Eufy cameras secretly uploaded footage to cloud (updated)
The security cameras have to use the cloud to send you push notifications.
UPDATE 2/01/23 8:55 AM EST: In a series of emails to The Verge, Eufy states that its cameras’ footage was not end-to-end encrypted by default through the Eufy web portal, but that the encryption has now been fixed.
New updates are being pushed out, and the company will work with security experts to audit its practices. More updates below.
Eufy, an affordable security camera brand from Anker, is under fire for security concerns regarding uploaded footage.
The brand markets itself as a local security system where footage is stored locally, and not uploaded to the cloud. But a recent discovery challenges that entire premise.
Paul Moore is a security consultant. Last week, Moore discovered a significant flaw in how the Eufy Doorbell Dual Camera had been storing data.
Moore shared a video showing how the camera had been uploading and storing images of faces on the cloud. The camera did this despite Moore not signing up for a Eufy Cloud Storage account.
The flaw was later confirmed by other users and recreated by Android Central. The publication reached out to Eufy, and the company explained what exactly was happening that required these uploads.
Eufy says this particular flaw comes from push notifications. If a user opts to have push notifications from the app for motion detection, Eufy temporarily uploads the thumbnail to its servers before sending it out.
Moore had turned on the push notification setting for the Doorbell Dual Camera. Eufy’s default notification settings are text-only, and they don’t require the uploaded thumbnail.
Eufy plans on addressing the wording of its push notification setting to make it clear that it has to temporarily upload thumbnails. It also says it will change its marketing materials to better reflect its use of the cloud.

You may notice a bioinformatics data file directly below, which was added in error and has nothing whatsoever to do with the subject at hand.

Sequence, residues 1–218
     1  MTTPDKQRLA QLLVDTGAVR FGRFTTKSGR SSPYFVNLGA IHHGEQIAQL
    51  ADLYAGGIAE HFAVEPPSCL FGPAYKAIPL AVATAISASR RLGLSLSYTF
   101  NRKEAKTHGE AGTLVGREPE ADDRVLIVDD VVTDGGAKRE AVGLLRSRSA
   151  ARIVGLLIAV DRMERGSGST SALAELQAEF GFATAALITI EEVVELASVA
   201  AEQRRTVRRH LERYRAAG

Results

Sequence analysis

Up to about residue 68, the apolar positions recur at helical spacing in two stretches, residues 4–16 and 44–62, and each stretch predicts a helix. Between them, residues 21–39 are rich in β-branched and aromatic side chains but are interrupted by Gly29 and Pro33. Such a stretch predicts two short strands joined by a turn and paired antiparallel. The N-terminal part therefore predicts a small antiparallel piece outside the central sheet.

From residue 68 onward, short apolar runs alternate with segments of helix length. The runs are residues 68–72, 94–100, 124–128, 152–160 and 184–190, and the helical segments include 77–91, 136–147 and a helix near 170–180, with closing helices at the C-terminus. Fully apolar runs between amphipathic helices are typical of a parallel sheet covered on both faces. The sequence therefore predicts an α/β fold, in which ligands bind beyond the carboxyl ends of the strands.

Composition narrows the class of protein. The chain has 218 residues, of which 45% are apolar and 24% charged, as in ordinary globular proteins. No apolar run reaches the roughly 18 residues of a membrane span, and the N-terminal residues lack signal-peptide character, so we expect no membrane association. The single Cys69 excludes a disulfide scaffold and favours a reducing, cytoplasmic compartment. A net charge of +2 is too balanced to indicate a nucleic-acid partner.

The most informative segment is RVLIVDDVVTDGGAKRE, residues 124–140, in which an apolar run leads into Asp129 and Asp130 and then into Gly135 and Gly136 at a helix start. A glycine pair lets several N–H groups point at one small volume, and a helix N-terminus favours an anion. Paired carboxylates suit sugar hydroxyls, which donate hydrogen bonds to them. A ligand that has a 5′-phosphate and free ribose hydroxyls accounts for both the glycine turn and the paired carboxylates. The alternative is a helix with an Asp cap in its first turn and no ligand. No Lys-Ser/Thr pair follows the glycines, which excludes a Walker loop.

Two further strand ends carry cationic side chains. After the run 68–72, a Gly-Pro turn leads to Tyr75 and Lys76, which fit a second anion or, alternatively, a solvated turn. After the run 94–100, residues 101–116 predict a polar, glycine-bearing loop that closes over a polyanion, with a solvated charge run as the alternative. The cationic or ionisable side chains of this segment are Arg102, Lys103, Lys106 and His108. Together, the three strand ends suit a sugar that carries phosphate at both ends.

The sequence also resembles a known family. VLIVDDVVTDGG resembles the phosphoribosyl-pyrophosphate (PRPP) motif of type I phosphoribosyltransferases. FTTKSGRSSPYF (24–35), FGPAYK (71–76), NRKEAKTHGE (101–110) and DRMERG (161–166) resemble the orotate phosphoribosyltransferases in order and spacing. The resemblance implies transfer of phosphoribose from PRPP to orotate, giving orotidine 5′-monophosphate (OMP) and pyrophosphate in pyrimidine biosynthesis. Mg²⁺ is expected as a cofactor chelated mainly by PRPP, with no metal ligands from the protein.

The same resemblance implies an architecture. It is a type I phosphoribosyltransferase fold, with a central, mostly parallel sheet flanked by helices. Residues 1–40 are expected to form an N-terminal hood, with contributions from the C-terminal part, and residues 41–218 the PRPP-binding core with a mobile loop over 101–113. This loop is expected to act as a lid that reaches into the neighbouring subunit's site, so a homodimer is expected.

Eufy has found itself the center of controversy in the past. Users discovered a strange glitch in the cameras in early 2021 that allowed people to see into other users’ homes.
The company quickly addressed that problem, and nothing terrible seemingly came out of it. I would imagine it does the same this time, delivering on the changes it promised.
UPDATE 12/22/22 9:21 AM EST: Anker released a public explanation in a new blog post but disappointingly offers no apology and fails to address why anyone could view unencrypted streams from a camera advertised as being end-to-end encrypted.
In the blog post, they acknowledge the camera has a security flaw but doesn’t necessarily explain how it happened and why. Here’s what they had to say:
“First, no user data has been exposed, and the potential security flaws discussed online are speculative. However, we do agree there were some key areas for improvement. So we have made the following changes.
Today, users can still log in to our eufy.com Web portal to view live streams of their cameras. However, users can no longer view live streams (or share active links to these live streams with others) outside of eufy’s secure Web portal. Anyone wishing to view these links must first log in to the eufy.com Web portal.
We will continue to look for ways to enhance this feature”
Naturally, there are still a lot of unanswered questions, and eventually, Eufy needs to step up and address them. We’ve reached out to Eufy for comment and will offer any updates if we hear anything back.
Via The Verge
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